Have you incorporated any natural skincare in your routine? Do you have any tips for making the switch?


Natural Skincare // A Simple Beauty Routine

naturalskincareMaybe you’re already convinced of why you should ditch your toxic skincare products (even the supposedly “natural” ones are full of iffy ingredients more often than not), but you don’t know where to start or you deplore that you just don’t have time to dedicate to concocting lotions and potions (I call shenanigans on that excuse by the way, most recipes are so simple that you could whip up a few in less time than a trip to the cosmetics department takes). BUT, I know any transition takes time and it’s usually best to start slowly, so here’s a simple way to give this whole natural beauty thing a try without risking any expensive ingredients on your alchemy skills.

This simple skincare routine requires no measuring, or mixing, or tempering, just straight-up ingredients applied straight to your skin. You kind find all of them at the grocery store and most of them are likely lurking in your kitchen cupboards already. Perform this routine (minus the exfoliation) twice a day for naturally clean, glowing skin.

honeyCleanse Your Face
I only recently started washing my face with honey on the recommendation of a friend (hi, Jessi!) and had a “how did I not think of this?!” moment. I knew that honey is naturally antimicrobial and antibacterial (helps fight acne), as well as incredibly moisturizing, but the more I looked into it the more benefits I found. Honey has just enough drying power to combat any pimples you already have, its gentle but effective enough for any skin type, and it is packed with enzymes that helps repair acne scars and has some anti-aging benefits. It may seem counterintuitive to rub something sticky on your face to clean it, but trust me, it works.

Wash your face of makeup (I use olive oil soap) before warming up approximately 1/2tsp of honey in your hands. Massage over your entire for for a minute or two and then rinse off with warm water.

If you’re vegan, I’d recommend giving the oil cleansing method a try (more on this another time).

Apple cider vinegar makes a great astringent because it will remove any remaining dirt, minimize pours, and fight acne-causing bacteria. Pour a liberal amount on a cotton pad and rub over your face and neck. Orange blossom water and rose water are great alternatives, but more expensive and also more difficult to come by.

Maybe one day you’ll want to foray into the world of making fancy whipped face moisturizer, but it’s really not necessary. I always come back to using pure plant oils. Whether it’s jojoba, coconut, olive, sweet almond, avocado, or castor, you’ll just need a few drops (this article is helpful when choosing the right oil for your skin). Massage thoroughly into your face and neck. Without the emulsifiers used in commercial moisturizers, it will take a few minutes to soak in, but I promise, this is not going to make your face oily and you can apply makeup directly over top.

In keeping with the theme of simplicity, I only exfoliate once or twice a week, any more is irritating for my skin but hey, everyone’s different. Perform this step after cleansing and before toning/moisturizing as needed to keep the pesky flakes at bay. Squeeze the juice of half a lemon onto a cotton pad and sprinkle 1tsp. of sugar over it. Massage the pad over your entire face and neck in circular motions for 1-2 minutes. Rinse with warm water.

Once a month or so you might want a more vigorous exfoliation. Mix 2-3tsp. with 1tbsp. baking soda (you want to create a thick paste). Using your fingers or a clean makeup brush, apply a thin layer of the paste over your face (there should be enough to share with a friend). Allow to dry for 15-20 minutes (it may itch a little, that’s normal). Wet your fingers and massage the baking soda into your skin. Rinse thoroughly with warm water.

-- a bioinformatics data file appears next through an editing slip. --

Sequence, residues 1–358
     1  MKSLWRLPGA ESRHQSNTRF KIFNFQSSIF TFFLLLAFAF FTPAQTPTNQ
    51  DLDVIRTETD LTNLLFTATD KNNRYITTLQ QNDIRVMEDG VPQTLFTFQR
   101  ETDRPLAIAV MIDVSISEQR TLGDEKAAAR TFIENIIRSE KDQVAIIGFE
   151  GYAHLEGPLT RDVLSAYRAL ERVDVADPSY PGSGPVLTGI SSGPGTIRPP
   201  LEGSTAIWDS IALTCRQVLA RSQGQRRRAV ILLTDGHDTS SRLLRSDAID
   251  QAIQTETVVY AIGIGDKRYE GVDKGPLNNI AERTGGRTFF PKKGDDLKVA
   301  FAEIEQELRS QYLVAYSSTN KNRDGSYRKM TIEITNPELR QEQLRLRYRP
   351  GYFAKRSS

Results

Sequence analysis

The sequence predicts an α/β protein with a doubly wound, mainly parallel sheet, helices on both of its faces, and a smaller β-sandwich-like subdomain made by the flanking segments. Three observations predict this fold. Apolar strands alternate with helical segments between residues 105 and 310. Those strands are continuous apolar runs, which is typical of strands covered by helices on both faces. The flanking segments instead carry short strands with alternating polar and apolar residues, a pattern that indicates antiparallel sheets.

And that’s it! No impossible to pronounce ingredients, no fancy techniques or equipment, no excuses. Let me know if you give this routine a try and what your results are like.

What’s your skincare routine? Do you have any natural beauty tricks up your sleeve? I’d love to hear!

xx S.

Images 1, 2, and 3.

Natural Skincare // Brown Sugar Body Butter


Perhaps my poison-free deodorant and chocolate face mask were a bit too out there for you – I hear what you’re saying, a little too hippy dippy if you’re used to stopping by Shopper’s Drug Mart or a department store to take care of your skincare needs. So I’ve got something sweet today to tempt you away from that toxic load and entice you to give this whole natural skincare thing a try.

This body butter is rich and creamy and oh-so sweet. It smells like the fudge my mom used to make at Christmastime when I was growing up – perfect for someone like me who alternates between wanting to smell like a birthday cake and a rose garden. Mix up a batch yourself and I’ll guarantee you’ll be wanting to give it a taste. But with the moisturizing power of coconut and sweet almond oils, and the moisture-locking power of beeswax and vanilla, it’s also going to keep your skin smooth and soft. Here’s the recipe…


Brown Sugar Body Butter

1/2 cup coconut oil
1/4 cup sweet almond oil*
1/4 cup water
2 tbsp brown sugar
2 tbsp beeswax (grated)
1 tbsp vanilla**

1. Melt beeswax, coconut oil, and sweet almond oil in a double boiler. Remove from heat.
2. In a separate saucepan, mix together brown sugar and water over medium heat. Stir until combined.
3. Add water-sugar mixture to oil mixture, one tablespoon at a time. Whisk until thoroughly combined before adding the next tablespoon.
4. Whisk in vanilla extract.
5. Allow to cool for 30 minutes. Whisk for 30 seconds.
6. Cool for an additional 30 minutes until spooning into a jar. Use as a daily moisturizer.

*Substitute plant oil of choice. Many people have good results using olive oil, but I find it too heavy for my skin.
**Be sure to use pure vanilla extract and not the artificial kind. Otherwise you won’t get the full vanilla aroma or the beneficial properties for your skin. This brand is my favourite.

I hope you’ll give this heavenly smelling body butter a try. Let me know what you think if you do.  And if you’ve got any natural skincare secrets of your own up your sleeve, I’d love to hear!

xx S.